$ cat service-account.yaml # Service account used for the mutated pods apiVersion: v1 kind: ServiceAccount metadata: name: demo-sa namespace: <your namespace> automountServiceAccountToken: false --- # This secret holds credentials used by the secret-agent to authenticate to SDKMS # Note that the secret name is the service account name with a suffix: -sdkms-credentials # This is how the controller associates the secret to the service account. apiVersion: v1 kind: Secret metadata: name: demo-sa-sdkms-credentials namespace: <your namespace> type: Opaque stringData: api_endpoint: https://sdkms.fortanix.com api_key: <api-key> $ cat sidecar-configmap.yaml apiVersion: v1 kind: ConfigMap metadata: name: fortanix-webhook-config namespace: fortanix data: controller-config.yaml: | authTokenType: api-key # acceptable values: `api-key`, `jwt`. secretAgentImage: ftxdemo/secret-agent:0.2 proxySettings: #httpProxy: 'http://example.com' #httpsProxy: 'https://example.com' #noProxy: '*.example.com,220.127.116.11' tokenVolumeProjection: #addToAllPods: true #audience: https://sdkms.fortanix.com #expirationSeconds: 3600
And you're set. Helm is available, but for this tutorial, deploy all the neccessary components automatically via the script provided:
A sample output would be something like this:
You can now check the admission controller is running properly within the new "fortanix" and "fortanix-demo" namespaces created:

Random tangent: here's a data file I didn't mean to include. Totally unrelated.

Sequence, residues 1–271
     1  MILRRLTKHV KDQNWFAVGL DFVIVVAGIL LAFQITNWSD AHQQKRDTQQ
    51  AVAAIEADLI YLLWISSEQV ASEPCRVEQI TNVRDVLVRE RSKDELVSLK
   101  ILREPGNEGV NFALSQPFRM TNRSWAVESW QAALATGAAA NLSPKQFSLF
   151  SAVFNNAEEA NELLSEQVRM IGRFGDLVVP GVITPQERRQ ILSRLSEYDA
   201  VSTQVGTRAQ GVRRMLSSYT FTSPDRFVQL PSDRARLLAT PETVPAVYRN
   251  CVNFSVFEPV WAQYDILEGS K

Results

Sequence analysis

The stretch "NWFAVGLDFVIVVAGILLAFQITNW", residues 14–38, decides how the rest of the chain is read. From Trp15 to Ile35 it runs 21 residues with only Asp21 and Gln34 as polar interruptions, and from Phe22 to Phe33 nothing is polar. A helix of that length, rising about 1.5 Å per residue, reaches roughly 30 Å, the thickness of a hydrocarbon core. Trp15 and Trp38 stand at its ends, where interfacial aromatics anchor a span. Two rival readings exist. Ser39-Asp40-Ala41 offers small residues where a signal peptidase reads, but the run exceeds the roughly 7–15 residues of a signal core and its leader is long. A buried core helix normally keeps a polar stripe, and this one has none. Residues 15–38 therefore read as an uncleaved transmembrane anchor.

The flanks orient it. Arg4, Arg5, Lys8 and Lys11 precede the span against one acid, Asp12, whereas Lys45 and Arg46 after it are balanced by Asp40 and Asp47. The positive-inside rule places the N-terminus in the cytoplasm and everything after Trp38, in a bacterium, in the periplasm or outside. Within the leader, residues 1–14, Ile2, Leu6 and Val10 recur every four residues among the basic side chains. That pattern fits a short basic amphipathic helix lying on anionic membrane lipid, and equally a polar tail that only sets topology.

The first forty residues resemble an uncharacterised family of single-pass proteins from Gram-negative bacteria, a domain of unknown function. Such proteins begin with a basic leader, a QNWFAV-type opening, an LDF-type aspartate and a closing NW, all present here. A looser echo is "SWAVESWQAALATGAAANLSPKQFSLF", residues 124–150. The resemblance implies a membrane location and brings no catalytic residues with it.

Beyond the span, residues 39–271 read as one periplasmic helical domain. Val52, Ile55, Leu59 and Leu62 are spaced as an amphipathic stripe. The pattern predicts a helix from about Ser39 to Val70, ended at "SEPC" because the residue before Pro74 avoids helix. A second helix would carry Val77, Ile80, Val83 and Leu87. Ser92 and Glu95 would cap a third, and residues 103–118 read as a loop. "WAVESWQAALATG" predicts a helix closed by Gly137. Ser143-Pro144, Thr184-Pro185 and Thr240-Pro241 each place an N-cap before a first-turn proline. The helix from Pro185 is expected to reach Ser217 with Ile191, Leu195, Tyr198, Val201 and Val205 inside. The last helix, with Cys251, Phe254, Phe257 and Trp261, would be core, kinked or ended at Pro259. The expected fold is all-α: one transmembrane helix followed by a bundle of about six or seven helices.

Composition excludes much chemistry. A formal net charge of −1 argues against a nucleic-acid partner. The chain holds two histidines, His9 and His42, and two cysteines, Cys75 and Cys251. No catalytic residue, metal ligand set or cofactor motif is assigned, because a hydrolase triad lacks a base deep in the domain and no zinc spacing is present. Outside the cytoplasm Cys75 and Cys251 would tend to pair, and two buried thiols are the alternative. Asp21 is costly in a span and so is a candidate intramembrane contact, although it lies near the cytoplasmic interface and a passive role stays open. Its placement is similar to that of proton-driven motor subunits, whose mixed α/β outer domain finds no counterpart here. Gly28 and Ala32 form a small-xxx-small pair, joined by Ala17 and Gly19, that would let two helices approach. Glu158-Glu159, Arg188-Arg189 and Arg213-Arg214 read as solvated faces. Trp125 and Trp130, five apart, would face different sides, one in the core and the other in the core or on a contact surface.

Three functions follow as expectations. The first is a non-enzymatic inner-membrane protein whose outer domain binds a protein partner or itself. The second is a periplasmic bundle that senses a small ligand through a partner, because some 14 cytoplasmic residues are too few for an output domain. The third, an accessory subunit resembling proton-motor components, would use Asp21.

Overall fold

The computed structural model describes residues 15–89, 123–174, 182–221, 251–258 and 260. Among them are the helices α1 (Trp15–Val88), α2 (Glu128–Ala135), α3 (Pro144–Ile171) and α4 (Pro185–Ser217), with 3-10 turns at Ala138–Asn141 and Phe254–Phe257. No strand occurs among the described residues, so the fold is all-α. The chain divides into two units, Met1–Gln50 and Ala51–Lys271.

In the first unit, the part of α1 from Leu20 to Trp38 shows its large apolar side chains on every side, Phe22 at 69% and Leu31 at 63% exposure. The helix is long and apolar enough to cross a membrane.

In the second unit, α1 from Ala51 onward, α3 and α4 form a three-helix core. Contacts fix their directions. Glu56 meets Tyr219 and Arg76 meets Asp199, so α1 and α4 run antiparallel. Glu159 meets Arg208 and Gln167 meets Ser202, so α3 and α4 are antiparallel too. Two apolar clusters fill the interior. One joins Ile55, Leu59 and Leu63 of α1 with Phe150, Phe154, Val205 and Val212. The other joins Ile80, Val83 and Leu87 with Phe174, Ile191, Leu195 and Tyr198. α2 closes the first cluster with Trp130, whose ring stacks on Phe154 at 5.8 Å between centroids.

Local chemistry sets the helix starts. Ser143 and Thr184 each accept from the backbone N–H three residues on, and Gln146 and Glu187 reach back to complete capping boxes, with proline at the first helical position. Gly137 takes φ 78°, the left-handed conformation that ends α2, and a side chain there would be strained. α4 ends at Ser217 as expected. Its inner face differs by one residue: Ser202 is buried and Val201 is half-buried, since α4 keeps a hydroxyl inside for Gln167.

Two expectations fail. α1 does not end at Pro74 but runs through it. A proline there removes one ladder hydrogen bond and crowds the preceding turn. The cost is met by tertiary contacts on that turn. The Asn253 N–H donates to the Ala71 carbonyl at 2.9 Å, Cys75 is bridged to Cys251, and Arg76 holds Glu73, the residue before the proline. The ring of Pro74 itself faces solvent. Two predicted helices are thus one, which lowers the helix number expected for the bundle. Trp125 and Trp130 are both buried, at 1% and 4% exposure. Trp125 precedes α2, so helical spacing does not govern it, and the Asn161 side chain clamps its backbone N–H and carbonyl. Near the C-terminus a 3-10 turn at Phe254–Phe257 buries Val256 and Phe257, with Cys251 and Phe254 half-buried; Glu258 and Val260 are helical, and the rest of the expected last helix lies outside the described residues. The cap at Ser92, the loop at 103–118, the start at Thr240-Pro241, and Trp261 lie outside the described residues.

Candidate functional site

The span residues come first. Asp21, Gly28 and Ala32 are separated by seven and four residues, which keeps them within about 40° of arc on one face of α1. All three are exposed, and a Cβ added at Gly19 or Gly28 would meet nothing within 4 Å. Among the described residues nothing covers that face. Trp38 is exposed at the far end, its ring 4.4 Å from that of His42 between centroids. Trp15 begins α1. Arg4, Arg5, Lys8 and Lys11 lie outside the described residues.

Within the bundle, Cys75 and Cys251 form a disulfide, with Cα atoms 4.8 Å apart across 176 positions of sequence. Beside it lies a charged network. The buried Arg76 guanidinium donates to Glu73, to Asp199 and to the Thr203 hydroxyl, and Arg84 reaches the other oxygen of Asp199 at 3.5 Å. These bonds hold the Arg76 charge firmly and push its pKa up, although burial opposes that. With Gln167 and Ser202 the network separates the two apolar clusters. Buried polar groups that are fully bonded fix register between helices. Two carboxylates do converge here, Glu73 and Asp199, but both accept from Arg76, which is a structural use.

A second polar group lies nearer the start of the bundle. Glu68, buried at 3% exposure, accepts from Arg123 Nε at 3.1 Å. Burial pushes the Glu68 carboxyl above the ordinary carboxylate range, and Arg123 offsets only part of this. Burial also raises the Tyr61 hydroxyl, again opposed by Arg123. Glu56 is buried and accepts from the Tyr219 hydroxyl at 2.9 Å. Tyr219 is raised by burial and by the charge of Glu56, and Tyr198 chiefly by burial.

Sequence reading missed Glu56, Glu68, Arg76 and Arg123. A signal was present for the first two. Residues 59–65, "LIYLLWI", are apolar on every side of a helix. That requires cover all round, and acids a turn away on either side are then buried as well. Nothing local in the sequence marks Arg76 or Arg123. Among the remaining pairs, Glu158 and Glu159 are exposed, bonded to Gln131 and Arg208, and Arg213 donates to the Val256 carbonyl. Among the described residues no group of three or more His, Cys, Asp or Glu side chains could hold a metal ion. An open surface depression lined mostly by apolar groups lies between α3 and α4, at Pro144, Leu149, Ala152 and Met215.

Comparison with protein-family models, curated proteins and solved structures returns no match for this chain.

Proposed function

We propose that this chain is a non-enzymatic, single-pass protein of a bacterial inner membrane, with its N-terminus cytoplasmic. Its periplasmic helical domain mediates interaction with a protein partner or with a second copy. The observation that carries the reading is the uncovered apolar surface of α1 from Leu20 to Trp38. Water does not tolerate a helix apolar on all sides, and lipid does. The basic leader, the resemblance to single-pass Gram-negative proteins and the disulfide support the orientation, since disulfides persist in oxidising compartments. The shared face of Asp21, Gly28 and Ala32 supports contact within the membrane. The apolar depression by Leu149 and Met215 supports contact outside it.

$ kubectl get ns NAME STATUS AGE default active 613m fortanix active 30s fortanix-demo active 23s kube-node-lease active 613m kube-public active 613m kube-system active 613m $ kubectl get pods -A | grep fortanix fortanix fortanix-secrets-injector-c46958b94-xvncr 1/1 Running 0 27s
Couple of points:
fortanix namespace contains the admission controller container (automatically pulled from the public repository from Fortanix) in the pod named fortanix-secrets-injector
fortanix-demo namespace is created with the label of "fortanix-secrets-injector: enabled". This is ensure any pods running in that namespace will be automatically checked for mutation
Now you're ready rock!
Let's create a sample secret first within Self-Defending KMS (my secret is as simple as "Hi! I'm a Test!"):